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Novembeat 2022 plans

My plan for Novembeat this year is to produce music that would be suitable for looping background tracks on video games. Ideally this would be driven by folks making music requests for their game jam games!

As always I’ll be releasing the album on my Bandcamp and my page. Most likely I’ll have Bandcamp just have the “soundtrack” version and itch have both “soundtrack” and “bgm” versions (where “bgm” will be suitable for looping, as opposed to “soundtrack” which will just play in one-shot mode).

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Co-op creative agency

The best times in my career have been when I’ve been tasked with solving interesting problems or making single-serving things, rather than working on a single specific project in the long term.

I am really good with figuring out how to do a thing, but not so much with figuring out what to do in the first place.

I feel like my best career path would be some sort of consulting, or working for a creative agency. But I really do not like the actual work model involved in either of those things.

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Bayonetta and voice acting

I’m not privy to any specific details about the situation between Hellena Taylor and PlatinumGames. The very public discourse around it is going through a very all-or-nothing no-nuance quick-takes cycle, as usual, and while I have personal opinions about Taylor along a number of axes, none of them are particularly relevant to the situation. (I will also not be buying Bayonetta 3, but only because I’m not a fan of the series to begin with, not because of this situation.)

The unfortunate thing is that people started rallying behind voice actors (and video game talent in general — there are many, many problems with how contractors and full-time employees are treated in the video games industry regardless of their role) and then the propaganda machine worked to tear down Taylor’s specific situation and, by proxy, all situations in the games industry.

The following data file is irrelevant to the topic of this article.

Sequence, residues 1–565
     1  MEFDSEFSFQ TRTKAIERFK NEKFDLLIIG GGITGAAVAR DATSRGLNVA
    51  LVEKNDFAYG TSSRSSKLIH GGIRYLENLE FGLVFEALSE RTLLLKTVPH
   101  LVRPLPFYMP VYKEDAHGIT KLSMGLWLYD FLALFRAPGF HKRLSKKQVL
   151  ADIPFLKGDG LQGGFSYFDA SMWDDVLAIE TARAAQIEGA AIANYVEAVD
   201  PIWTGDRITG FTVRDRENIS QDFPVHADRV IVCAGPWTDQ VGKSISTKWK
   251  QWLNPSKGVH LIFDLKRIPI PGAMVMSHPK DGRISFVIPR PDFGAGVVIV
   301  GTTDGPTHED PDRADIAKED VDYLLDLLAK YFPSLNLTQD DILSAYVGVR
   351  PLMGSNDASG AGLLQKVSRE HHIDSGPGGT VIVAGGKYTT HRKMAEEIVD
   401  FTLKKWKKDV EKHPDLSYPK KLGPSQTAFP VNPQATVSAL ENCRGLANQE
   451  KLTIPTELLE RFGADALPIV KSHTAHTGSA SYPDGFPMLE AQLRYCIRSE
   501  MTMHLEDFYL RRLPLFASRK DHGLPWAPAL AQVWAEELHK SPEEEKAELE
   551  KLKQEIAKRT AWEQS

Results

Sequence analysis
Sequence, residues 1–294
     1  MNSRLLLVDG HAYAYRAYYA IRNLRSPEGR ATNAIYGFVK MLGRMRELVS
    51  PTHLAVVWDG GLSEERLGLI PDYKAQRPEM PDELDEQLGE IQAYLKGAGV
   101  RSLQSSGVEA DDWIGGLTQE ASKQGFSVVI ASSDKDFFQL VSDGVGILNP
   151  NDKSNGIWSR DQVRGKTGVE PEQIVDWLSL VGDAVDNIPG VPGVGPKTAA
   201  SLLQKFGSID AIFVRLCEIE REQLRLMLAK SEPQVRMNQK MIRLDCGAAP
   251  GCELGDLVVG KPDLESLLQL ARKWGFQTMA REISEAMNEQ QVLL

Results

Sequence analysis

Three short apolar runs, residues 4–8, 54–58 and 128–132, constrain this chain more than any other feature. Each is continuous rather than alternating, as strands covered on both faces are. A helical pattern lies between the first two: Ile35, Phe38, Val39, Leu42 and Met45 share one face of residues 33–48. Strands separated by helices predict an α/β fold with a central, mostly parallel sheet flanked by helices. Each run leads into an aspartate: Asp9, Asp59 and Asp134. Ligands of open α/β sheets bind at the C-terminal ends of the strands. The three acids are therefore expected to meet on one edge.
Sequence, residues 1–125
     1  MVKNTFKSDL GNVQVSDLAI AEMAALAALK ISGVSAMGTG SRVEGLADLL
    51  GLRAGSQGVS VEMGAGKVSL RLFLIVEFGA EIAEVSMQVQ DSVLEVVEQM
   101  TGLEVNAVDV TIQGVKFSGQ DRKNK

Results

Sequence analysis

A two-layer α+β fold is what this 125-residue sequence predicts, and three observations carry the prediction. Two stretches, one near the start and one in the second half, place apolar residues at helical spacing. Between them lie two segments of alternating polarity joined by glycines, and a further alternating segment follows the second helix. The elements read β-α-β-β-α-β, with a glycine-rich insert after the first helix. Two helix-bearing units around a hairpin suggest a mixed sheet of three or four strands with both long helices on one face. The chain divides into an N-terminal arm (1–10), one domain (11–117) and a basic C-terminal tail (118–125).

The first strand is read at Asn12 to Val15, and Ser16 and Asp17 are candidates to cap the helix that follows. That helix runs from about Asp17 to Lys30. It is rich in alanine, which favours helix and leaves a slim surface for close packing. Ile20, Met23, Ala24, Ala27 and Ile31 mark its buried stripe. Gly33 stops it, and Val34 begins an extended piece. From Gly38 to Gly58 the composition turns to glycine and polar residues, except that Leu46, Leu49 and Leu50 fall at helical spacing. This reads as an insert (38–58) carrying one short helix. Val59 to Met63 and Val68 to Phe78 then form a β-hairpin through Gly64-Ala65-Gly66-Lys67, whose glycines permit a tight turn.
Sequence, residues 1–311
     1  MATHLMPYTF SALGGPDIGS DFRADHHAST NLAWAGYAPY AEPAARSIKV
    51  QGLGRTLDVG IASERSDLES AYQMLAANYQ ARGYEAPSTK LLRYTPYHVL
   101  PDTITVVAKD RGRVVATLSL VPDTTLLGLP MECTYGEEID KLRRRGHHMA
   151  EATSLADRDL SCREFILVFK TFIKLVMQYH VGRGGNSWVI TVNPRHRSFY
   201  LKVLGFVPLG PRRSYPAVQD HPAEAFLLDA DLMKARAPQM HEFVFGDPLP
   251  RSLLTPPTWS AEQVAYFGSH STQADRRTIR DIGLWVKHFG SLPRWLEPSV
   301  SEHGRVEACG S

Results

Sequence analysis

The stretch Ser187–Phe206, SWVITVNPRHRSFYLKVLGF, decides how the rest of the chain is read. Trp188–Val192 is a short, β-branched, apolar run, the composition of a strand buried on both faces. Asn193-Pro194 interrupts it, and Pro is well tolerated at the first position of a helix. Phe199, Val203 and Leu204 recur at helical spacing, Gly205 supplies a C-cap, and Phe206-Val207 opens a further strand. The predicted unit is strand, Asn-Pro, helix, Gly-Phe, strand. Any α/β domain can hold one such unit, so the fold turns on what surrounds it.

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Focusrite 18i20: A quick review

Yesterday my other big hardware upgrade arrived, a Focusrite 18i20 for my Mac mini in the studio, to upgrade the 18i8 I had before (which is now on the Mac Studio in the office).

The tl;dr: for most people the 18i8 is just fine and the 18i20 doesn’t really add anything. Consider the 18i20 only if you have a couple of fussy needs.

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Mac Studio: a quick review

I got my Mac Studio yesterday, to replace the Mac mini in my office (the mini now replacing the 13" MacBook Pro in my recording studio, the MacBook Pro replacing the frustrating Lenovo laptop in the living room), and I have all my stuff set up on it. I went with the 10-core M1 Max model (with the upgraded GPU) and 2TB of RAM, sticking to the stock 32GB of RAM.

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My condo is finally sold!

Yay, the big financial albatross is no longer around my neck. Now I can feel a lot more free to move forward with all of the projects I’ve been wanting to do, and not have to worry about, y'know, finances for a while.

I already feel a million pounds lighter.1

So anyway, time to start looking at redoing my kitchen.

Matrix Third Room

Back when the VRChat debacle took place, I’d rambled quite a lot about the idea of a standards-based truly-distributed VR system. I probably mentioned how back in the day I was designing something like that, and was intending to use XMPP as the actual transport mechanism; in my more recent reevaluation of the idea I was thinking that using WebRTC to stream the actual realtime data (voice, character animation, etc.) would be the way forward.

Well, the Matrix folks just announced Third Room, which is the same basic concept, running on Matrix and WebRTC! They’ve also made a bunch of other great technology choices along the way.

This is pretty exciting and I’m looking forward to seeing where it goes. At least from a 20,000-foot view it hits all of the right notes for me. For example, using glTF for all object interchange, focusing on in-world editing, and allowing for (apparently optional) world persistence.

Hopefully this can disrupt the stranglehold VRChat has on social VR and will also be a fun, compelling experience in its own right.